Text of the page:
The numbers are in: heat weighs heavily on health and income


We can clearly see just how much heat is taking a toll on global health and jobs, thanks to a comprehensive new climate report from The Lancet medical journal. More and more people are dying during periods of brutal heat. Scorching temperatures also lead to job losses.

While our planet runs feverish, hotter summers increase the risk of heat illness and reduce people’s livelihoods. Certain groups of people are more vulnerable due to their age, occupation and housing, as well as a legacy of discriminatory policies that have stacked the cards against them.

According to Lancet report released today. Things were even worse in the United States, where extreme heat is already the number one weather-related killer. During the same period, heat-related deaths among adults over 65 increased by 74%. On average, older people in America each experienced three more hot days per year between 2012 and 2021 than between 1986 and 2005.

Extreme heat is already the number one weather-related killer

“[That] was particularly striking to me,” Natasha DeJarnett, co-lead author of a US guidance note accompanying the Lancet report and assistant professor of medicine at the University of Louisville, said during a press briefing for the report.

“When we think of climate change and think of the populations that bear the greatest burden – the elderly and children, communities of color, poor or low-income communities, and Indigenous communities here in the United States – these groups contribute the least to this crisis, but bear the heaviest burden.

Communities of color and low-income neighborhoods in the United States are more likely to be in “urban heat islands,” which can be among the most dangerous places in the midst of a heat wave. This is because urban sprawl – especially where there are more highways, skyscrapers and industrial infrastructure – traps heat, making these heat islands several degrees warmer than surrounding areas. which have more trees and plants. In the United States, this is one of the lasting legacies of racist housing policies that have “drawn red lines” and segregated neighborhoods.

Adding green space to cities is a key strategy to prevent heat-related deaths. But only 27% of the approximately 1,000 global urban centers assessed worldwide in the Lancet report were at least “moderately green” in 2021.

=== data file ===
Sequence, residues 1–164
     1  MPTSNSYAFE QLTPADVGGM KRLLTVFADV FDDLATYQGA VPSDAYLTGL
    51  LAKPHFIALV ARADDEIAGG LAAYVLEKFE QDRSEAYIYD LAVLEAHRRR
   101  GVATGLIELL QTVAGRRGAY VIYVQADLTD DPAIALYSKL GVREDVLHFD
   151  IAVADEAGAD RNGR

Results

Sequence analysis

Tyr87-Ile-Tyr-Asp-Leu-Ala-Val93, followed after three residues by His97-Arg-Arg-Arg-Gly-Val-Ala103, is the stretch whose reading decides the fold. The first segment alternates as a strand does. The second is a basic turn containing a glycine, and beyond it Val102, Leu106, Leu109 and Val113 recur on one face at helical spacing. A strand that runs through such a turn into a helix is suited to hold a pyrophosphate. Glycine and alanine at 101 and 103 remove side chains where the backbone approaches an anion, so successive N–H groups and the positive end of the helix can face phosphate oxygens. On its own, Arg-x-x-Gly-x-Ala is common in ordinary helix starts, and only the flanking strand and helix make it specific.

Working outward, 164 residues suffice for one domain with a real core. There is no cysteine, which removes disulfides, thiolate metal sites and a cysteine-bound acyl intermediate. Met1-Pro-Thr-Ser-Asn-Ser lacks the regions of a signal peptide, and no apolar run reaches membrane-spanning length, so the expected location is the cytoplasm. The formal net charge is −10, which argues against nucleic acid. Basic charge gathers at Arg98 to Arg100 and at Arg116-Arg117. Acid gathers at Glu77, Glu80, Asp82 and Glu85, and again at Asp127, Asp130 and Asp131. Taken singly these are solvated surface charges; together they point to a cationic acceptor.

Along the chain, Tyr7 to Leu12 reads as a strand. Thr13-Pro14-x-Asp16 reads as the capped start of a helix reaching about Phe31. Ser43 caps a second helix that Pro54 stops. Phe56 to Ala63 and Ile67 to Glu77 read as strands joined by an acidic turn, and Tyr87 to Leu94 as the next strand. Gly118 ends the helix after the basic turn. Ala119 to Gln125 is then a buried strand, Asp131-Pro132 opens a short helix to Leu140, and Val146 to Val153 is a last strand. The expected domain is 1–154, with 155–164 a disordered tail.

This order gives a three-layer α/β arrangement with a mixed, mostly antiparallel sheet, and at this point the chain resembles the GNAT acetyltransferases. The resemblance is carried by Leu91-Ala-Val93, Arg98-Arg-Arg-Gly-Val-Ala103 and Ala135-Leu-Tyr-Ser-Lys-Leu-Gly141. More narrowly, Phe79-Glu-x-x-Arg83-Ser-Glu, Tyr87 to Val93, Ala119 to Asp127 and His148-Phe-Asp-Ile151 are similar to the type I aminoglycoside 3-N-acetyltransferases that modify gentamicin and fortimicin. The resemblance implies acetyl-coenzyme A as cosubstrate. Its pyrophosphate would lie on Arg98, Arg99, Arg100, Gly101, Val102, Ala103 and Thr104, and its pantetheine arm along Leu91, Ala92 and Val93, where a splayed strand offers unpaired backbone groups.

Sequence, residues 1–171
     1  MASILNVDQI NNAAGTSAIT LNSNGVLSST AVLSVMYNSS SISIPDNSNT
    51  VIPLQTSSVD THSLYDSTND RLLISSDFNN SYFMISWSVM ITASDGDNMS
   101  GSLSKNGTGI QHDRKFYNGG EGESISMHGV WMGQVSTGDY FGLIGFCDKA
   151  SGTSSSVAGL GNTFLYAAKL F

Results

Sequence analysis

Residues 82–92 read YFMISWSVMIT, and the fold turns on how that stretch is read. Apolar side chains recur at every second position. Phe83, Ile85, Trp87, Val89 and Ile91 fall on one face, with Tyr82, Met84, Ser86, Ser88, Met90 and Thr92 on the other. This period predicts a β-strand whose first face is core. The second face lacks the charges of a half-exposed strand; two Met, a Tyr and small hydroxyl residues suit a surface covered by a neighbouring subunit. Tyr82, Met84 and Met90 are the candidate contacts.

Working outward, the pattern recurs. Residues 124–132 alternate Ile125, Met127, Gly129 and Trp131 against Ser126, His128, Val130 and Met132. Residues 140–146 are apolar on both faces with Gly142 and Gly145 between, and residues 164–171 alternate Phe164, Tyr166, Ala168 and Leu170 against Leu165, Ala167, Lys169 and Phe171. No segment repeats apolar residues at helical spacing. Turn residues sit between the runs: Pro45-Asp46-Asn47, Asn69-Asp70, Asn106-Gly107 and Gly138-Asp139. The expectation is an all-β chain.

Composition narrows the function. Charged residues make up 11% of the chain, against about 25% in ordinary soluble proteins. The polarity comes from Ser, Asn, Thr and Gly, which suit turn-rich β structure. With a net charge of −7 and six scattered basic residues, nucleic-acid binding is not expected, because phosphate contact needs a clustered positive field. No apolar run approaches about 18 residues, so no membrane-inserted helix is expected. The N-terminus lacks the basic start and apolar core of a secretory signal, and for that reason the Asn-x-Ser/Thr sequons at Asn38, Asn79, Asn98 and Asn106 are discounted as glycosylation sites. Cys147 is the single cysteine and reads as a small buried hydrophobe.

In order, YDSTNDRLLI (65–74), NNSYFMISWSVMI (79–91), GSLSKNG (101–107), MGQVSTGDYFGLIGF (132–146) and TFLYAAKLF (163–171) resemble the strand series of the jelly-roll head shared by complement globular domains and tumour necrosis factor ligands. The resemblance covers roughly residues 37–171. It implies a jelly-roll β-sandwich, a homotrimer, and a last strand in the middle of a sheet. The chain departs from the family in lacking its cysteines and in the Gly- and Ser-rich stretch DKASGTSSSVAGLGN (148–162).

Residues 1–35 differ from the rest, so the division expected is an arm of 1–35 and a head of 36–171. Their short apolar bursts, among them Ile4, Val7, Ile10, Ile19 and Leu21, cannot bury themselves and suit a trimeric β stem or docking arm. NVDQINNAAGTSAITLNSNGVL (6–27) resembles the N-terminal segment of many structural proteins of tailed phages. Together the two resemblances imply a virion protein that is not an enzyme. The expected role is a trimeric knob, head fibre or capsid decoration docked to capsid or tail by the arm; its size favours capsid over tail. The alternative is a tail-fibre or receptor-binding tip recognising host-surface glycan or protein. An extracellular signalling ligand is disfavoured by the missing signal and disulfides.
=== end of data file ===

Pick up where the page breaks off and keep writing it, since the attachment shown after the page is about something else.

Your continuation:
“These groups are contributing the least to this crisis, but they bear the heaviest burden.”

Soaring temperatures can also be particularly difficult for people who work outdoors in terms of both their physical health and their ability to work. In 2021, 470 billion potential working hours were lost worldwide, according to the report. This equates to revenue losses equivalent to approximately 0.72% of global economic output.

Zooming in on the United States, Americans lost $68 billion in potential income in 2021 due to extreme heat that reduced work hours. This represents a 36% increase in work hours lost that year compared to the average for the 1990s.

In June of last year, North America experienced what researchers ultimately determined was its “most extreme” heat wave on record, thanks to climate change. The heat wave was particularly severe in the Pacific Northwest, where sweltering heat contorted roads and led to an increase in emergency room visits.

“Unfortunately, I think my colleagues and I know that when we walk into an emergency department in the midst of even more record-breaking heat waves, we know we are going to experience a difficult change,” Renee Salas, Yerby Fellow at Harvard Chan C-CHANGE and attending physician in the Department of Emergency Medicine, said at the press briefing. An international group of health experts collaborate each year to publish the annual climate report, called The Lancet Countdown, to assess the growing health risks with climate change.


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